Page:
Today, bars and restaurants offer a host of traditional and contemporary options while shops sell souvenirs, clothing, accessories and beautifully designed homewares.
Stop in for a heart-starter at Bar Italia. An espresso, Café Corretto (espresso with a shot of grappa) or an Espresso Martini will put a spring in your step while making friends with Chabel.
Traditional Lebanese mezze is around every corner but the chargrills with rotisseries are perfect for sharing a feast with friends.
Jewellery stores twinkle in the afternoon light and al fresco seating with outdoor heating in the cobbled courtyard is a great spot to watch the world go by.
Memory of Time – Byblos Fossil Museum.
In an alley off the central courtyard explore Memory of Time – Byblos Fossil Museum. Just as its title states this is a museum of fossils.
A family’s 80-year history of fossil collection from 3 villages around Byblos creates a timeline of the area’s evolution.
The obsession passed from grandfather to his son who passed it to his sons, the current owners, who are in the process of passing it to their sons and daughters.
Working with international universities, natural history museums and fossil specialists, the museum offers further insight into this ancient area.
Byblos Historic Wax Museum.
When entering the Byblos Wax Museum, forget about Madame Tussauds. You’ll be taking a journey with these wax figurines through Lebanon’s history until independence in 1943.
Meet Alexander the Great prior to the burning of Tyre. Rural Lebanon is featured along with famous Lebanese authors and artisans.
A Traditional wedding scene is depicted as well as the 1916 revolt against Ottoman rule, resulting in the execution of the leading revolutionaries on Martyrs’ Square in Downtown Beirut.
Find the wax museum outside the souk near the Citadel on Mar Youhanna Morcos Street.
Open daily 9:00 am to 6:00 pm.
Strolling Byblos Harbour while the sun sets is not only free, it’s priceless.
Watch fishermen bringing in their catch while taking in the fabulous views of not only the Mediterranean Sea but the beautiful city of Byblos.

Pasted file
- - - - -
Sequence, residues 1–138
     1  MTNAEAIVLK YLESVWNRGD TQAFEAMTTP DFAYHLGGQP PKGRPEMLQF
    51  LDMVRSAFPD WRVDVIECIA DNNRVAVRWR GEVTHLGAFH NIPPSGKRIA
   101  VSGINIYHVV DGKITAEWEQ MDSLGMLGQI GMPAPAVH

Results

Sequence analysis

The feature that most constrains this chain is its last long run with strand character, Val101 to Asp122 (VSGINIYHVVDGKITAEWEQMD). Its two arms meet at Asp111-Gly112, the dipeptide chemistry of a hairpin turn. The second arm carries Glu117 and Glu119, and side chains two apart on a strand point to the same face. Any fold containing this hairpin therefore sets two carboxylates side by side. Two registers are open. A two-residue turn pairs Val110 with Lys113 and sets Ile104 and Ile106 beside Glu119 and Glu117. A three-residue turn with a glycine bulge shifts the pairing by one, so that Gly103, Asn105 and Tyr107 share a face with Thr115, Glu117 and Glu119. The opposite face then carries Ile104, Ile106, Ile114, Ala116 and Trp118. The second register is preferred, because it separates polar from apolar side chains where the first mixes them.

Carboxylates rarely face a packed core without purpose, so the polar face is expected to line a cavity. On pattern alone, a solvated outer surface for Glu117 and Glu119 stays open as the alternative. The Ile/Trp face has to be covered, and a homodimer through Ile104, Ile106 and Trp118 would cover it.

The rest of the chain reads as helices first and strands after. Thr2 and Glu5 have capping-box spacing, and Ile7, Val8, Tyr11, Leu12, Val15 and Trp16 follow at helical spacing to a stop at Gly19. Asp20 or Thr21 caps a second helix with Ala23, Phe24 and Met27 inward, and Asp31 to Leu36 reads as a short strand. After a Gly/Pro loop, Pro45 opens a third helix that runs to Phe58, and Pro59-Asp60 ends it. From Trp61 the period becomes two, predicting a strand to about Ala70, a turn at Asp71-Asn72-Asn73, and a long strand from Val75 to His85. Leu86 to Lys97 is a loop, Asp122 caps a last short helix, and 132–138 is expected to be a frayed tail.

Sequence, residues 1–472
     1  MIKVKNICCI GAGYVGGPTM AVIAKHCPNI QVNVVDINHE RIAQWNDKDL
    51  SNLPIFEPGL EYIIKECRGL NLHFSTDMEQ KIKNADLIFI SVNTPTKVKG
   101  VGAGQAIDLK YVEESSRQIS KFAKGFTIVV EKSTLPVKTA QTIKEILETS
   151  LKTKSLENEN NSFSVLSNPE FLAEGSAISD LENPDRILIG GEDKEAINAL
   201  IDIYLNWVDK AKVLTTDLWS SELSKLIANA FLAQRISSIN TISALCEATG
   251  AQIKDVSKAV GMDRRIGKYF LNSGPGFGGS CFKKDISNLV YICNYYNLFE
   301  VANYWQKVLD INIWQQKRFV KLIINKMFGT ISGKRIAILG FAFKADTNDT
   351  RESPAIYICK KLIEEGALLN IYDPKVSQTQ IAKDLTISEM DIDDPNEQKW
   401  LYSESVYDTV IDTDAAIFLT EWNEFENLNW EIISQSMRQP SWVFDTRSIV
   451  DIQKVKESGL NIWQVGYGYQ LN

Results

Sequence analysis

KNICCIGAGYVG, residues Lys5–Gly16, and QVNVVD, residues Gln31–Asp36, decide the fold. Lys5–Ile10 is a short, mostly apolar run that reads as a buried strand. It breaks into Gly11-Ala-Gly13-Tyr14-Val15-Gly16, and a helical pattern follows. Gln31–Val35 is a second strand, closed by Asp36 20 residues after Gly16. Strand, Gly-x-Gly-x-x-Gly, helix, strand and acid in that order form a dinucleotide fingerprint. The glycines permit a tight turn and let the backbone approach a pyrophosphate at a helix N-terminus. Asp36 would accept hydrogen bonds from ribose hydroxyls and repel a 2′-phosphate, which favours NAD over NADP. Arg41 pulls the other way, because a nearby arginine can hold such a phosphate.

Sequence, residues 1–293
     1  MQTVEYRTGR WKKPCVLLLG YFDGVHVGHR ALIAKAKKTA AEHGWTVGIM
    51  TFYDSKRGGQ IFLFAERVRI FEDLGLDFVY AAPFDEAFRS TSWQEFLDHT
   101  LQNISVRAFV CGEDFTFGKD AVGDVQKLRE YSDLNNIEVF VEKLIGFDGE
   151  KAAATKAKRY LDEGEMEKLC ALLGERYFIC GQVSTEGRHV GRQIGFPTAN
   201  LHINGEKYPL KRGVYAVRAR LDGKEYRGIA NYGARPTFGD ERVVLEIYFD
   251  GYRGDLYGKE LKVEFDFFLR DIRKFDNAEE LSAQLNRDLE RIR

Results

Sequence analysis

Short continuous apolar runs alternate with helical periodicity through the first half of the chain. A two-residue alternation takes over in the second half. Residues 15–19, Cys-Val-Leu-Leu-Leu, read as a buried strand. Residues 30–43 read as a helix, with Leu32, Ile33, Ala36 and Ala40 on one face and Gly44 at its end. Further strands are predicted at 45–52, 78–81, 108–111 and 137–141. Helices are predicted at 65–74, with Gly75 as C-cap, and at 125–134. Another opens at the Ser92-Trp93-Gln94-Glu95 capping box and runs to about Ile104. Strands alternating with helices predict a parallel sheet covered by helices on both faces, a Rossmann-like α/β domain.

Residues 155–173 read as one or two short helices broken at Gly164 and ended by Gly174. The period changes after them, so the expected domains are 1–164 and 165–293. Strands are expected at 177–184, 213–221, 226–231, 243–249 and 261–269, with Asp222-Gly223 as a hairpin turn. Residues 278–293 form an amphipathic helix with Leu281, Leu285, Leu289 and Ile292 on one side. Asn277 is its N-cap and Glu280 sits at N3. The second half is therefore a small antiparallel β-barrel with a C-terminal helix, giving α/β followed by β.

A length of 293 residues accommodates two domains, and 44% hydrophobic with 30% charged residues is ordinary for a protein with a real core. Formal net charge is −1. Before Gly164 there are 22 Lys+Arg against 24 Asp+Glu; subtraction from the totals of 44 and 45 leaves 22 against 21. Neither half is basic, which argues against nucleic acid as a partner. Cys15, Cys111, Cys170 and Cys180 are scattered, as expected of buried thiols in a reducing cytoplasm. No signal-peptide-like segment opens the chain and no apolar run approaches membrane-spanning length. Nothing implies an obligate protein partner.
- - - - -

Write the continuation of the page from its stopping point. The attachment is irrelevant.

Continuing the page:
For seafood lovers, this is where you need to #eat. Highly recommended is Bab El Mina. A multi-level restaurant with incredible views of the harbour. Make your way almost to the centre of the harbour curve and there it is.
Prawns provençal (lemon, oil, garlic, herbs), always char-grilled occy, rocket and crab salad, and Poisson (fish) kibbeh were all divine. Try not to over-order (it’ll be a challenge) complimentary fruit and dessert are served and it would be rude not to accept. 😉
Getting there from Beirut.
Local Bus 6 leaves central Beirut to Jbeil (Byblos) taking either the coastal route or the highway depending on traffic.
Taxis frequently take passengers to Byblos, be sure to negotiate the price before leaving.
Use your Uber app but there may be a wait for a driver to return.
Many local drivers in Byblos will return you to Beirut for a negotiated fee.
A Day Trip to Anjar, Baalbeck & Ksara.
Carrie and Albert Bond are the creators of Backpacking with the Bonds, their travel site promoting sustainable tourism.
The Bonds have travelled extensively, independently and as a couple. A 2-year stint with the Peace Corp in Jordan provided opportunities for the couple to travel this region.
With a combination of Arabic skills, a degree in Middle Eastern Studies and microfinance experience, the Bonds design trips to help travellers consider how they spend their money to contribute to the sustainable and equitable development of their destinations.
Who better to take us on a day trip to the historic Anjar, Baalbeck & Chateau Ksara?
You can follow the Bonds’adventures via these links to Facebook, Instagram and Twitter.
A Half Day Trip to Jeita Grotto.
Twenty kilometres northeast of Beirut a series of interconnected caves have been the subject of curiosity since 1836.
Although exploration continued intermittently since the first discovery, it wasn’t until the Lebanese Caving Club (Speleo Club Du Liban) made it their mission in the 1940s to fully explore until 9 kilometres of underground caverns were exposed.
Along the 750-metre path in the Upper Grotto expect to see enormous formations resembling curtains, chandeliers and mushrooms.
In the Lower Grotto, an electric boat tour introduces you to extraordinary sights, among them, Shangri-La and the Pantheon.
For more information on this spectacular natural phenomenon, please follow this link to our article in Travel Pass Magazine.
A Half Day Trip to Our Lady of Lebanon.
The 13-ton bronze statue of Our Lady of Lebanon (Notre Dame du Liban) at 20-metres in height overlooks the town and bay of Jounieh.
With open arms, she welcomes pilgrims and tourists not just to the small chapel beneath her, but to the impressive cathedral beside her.
From a vantage point of 650 metres above sea level, you can share the view and explore this popular attraction.
Make the most of your half day trip by arriving at Our Lady of Lebanon via the Teleferique aerial cableway. This excursion is worth doing for the 9-minute gondola ride from Jounieh alone.
Jounieh is 27 kilometres from Downtown Beirut. Taxis are very familiar with the Teleferique cableway. Expect to pay around 25,000LBP (US$16.50).
A Connex bus from Charles Helou Bus and Taxi Station in front of Beirut Port will cost 5,000LBP.
Of course, if Uber is working for you, you have that option too.
Exploring ancient history, archaeology and natural wonders on a day trip from Beirut: it’s a thing we love….